Friday 13 November 2009

Secret Language (or the lack thereof)

There is a negative aspect to raising your children multilingually that is mostly overlooked. Today I want to finally bring this aspect to light. It has been neglected for too long! Now is the time to bring it up, whatever the consequences.

Don't get me wrong: I am all for multilingual children and I would not raise my children any other way. I adore their capabilities. I envy them for this gift.

Still, this one thing will always be there, and it will strike when you least need it!

So what is this terrible secret, this issue nobody dares to mention? It's simple: In multilingual families, parents have no secret language.

No way for the parents to talk about something secretly in front of the children. We can not just switch to another language and discuss, they will always understand! No matter how hard we try to say things in a complicated way or mixing words or using obscure grammar: they will crack the code and push us further out into the realm of "creative talking."

Say BK1 wants a cookie. I don't know whether she has had one already or whether anything else has happened that would lead to a "No" here. So I desperately try to read BMs body language. Does she look negative? What do her eyes say? Was that the "no way" stare? Or was it the "whatever..." gesture? Did she just sigh?

It usually comes down to one of us signaling the other one "you decide." Wouldn't it be nice to be able to actually talk about it right then?

And then again: maybe that's not too bad. It forces us to be open and honest with the kids, which I think might help them develop strong values.


  1. I have thought of that over the years. Well, sort of. We do not make a habit of talking about non-French speakers in French in front of them, but in certain situations, may make a quick "secret" comment. Sometimes, then, my first reaction when wanting to say something the kids can't understand is to say it in French. Then, I realize that doesn't work - they speak all languages I speak! ;) Like you said, this forces openness in the family and for spouses to just talk in private about certain things.

  2. Very interesting question, Jan. The Belgianite and I have been using English as our language and often felt sufficiently protected by it, to the extend of speaking about the kids in front of them thinking they did not undertsand...well, we found out the hard way they did understand, perhaps not the full depth of the issue, but they were aware we were talking about them. So we are now trying to be more careful.If we absolutely need to to communicate secrelty, we spell items. That, they haven't learnt yet!!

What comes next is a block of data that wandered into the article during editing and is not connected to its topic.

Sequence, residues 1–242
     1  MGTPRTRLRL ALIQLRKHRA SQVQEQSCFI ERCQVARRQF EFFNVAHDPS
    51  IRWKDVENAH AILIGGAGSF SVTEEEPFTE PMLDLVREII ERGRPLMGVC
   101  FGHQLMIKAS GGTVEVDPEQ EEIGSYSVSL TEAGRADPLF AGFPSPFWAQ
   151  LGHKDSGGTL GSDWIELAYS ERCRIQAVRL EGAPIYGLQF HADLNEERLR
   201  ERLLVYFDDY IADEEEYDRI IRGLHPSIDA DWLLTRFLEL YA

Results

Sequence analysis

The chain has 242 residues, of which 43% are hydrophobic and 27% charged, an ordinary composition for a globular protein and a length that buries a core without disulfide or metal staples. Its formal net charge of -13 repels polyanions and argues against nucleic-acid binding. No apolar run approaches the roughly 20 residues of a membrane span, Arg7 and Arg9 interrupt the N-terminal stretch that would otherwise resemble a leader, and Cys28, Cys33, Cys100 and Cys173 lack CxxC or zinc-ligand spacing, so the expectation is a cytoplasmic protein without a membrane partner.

3. Careful with the spelling, though!

    We used to do that a lot but it turns out that BK1 gets it now, even if we mix languages (for example use French spelling to spell an English word).

  4. We did the spelling for a while, but our 5 year old now reads and it is getting too dangerous. We see the wheels turning and he often figures it out!

    A friend of mine once told me about her parents supposed secret language. They were both native English speakers, but they met while on a student exchange in Germany, so they both spoke German as well. They never spoke German to the kids and only used it as their secret language, but I guess they used it often enough that my friend and her sister started to pick up on some of it, but never let on. As a result, they some new about some of their Christmas presents in advance and knew other things that the parents didn't really want to share with the kids.

    P.S. I just found your blog via Mummy Do That and I'm so glad I did. We speak English and German at home, live in a French-speaking area of Canada, and our son goes to a trilingual school (English, French and Spanish).

  5. Hi Annie,

    Same situation here regarding spelling, BK1 can now often guess words, even when not spelled in English. Funny that thing with your friend and German as a "secret language". That was turned right against the parents :)

    I have just taken a quick look at your blog, and I am thrilled to find that we have more than one point in common. Here we also do a great deal of breastfeeding, babywearing, co-sleeping, gentle discipline (though I sometimes fail miserably at this...). And yay for the WHO code of marketing of breastmilk substitutes to be made law!


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